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BIS monitoring in ICU: advantages of the new XP generation


Bispectral Index (BIS) has been used to measure the level of sedation in critically ill patients [1]. The biggest problems were the artefacts raising from facial muscle or eye movements, and the wide variability of analysed clinical conditions [2]. BIS-XP is a new available device (Aspect, USA), with one more frontal electrode, that should minimise the movement related artefacts. The aim of our study was to compare the new and the old BIS measurement on the same patient in ICU.

Materials and methods

Thirty critically ill patients, admitted to our intensive care unit, were studied. Head-trauma patients were excluded. SAPS II and Ramsay Sedation Scale (RSS) were used to assess physiological impairment and sedation depth. Sedative agents were administered at the following maintenance doses: Propofol (1-3 mg/kg/hour) and Midazolam (0.025-0.033 mg/kg/hour), to achieve a sedation level of 3-4. Sufentanil was administrated (0.01-0.02 µg/kg/min), as needed, to ensure analgesia. Every patient was simultaneously monitored with both the BIS and the BIS-XP, along a period of 3-6 hours. BIS values were continuously recorded and their variations after painful stimuli were relieved.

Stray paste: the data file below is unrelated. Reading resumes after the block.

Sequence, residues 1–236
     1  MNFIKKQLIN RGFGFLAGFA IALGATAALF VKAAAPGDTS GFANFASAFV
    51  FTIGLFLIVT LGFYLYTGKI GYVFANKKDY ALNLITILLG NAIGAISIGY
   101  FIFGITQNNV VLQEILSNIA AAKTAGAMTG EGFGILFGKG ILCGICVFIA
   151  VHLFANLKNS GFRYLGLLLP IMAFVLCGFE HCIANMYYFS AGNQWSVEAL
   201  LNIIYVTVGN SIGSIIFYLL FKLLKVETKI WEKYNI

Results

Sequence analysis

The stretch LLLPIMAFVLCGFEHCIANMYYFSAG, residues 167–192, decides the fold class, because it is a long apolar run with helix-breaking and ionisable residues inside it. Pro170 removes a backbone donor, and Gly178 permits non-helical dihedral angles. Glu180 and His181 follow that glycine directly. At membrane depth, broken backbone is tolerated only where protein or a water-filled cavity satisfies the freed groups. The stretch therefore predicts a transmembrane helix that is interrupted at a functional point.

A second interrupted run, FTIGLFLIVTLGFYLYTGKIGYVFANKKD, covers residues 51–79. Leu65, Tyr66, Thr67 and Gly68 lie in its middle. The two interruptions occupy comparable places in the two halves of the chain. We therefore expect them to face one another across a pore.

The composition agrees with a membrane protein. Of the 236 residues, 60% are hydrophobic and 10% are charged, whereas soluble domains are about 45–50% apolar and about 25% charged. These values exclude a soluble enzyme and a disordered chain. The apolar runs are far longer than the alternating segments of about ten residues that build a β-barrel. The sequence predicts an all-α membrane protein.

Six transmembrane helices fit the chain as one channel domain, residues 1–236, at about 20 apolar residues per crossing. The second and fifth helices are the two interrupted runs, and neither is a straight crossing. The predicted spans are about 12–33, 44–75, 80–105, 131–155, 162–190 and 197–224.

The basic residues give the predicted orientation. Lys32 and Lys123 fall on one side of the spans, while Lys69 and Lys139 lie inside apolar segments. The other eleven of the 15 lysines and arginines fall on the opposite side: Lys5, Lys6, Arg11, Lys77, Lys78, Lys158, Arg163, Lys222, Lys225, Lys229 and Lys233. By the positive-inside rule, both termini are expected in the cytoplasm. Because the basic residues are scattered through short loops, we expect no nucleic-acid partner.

Both systems well correlated with the level of sedation in every single patient. The BIS-XP was able to eliminate anecdotal rise in BIS value unrelated with depth modifications. Higher variability in BIS monitoring made the range wider than in BIS-XP (coefficient of variation 72% vs 55%). After painful stimuli, BIS-XP was shown to record variations with a mean advance of 42 s (30-67 s), compare to BIS (both BIS and BIS XP have been set with the same smoothing rate). Progress in electrode fixation on the skin were observed with BIS-XP, avoiding repeated installation and allowing long-term monitoring. Sedation level oscillations, undetected by BIS, were revealed by BIS-XP value variations.


The BIS-XP showed sedation monitoring improvement. The added electrode in BIS-XP was likely to improve the number validity, by eliminating patient related artefacts, though the higher sensitivity makes the BIS-XP trend less stable than the BIS one. Moreover the advance in relieving depth variations could be an useful improvement in guiding the administration of sedative-hypnotic agents to titrate adequate sedation.


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  2. Walder B, et al: Intensive Care Med. 2001, 27: 107-114. 10.1007/s001340000761.

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Coluzzi, F., Di Filippo, C., Rossetti, E. et al. BIS monitoring in ICU: advantages of the new XP generation. Crit Care 6 (Suppl 1), P68 (2002).

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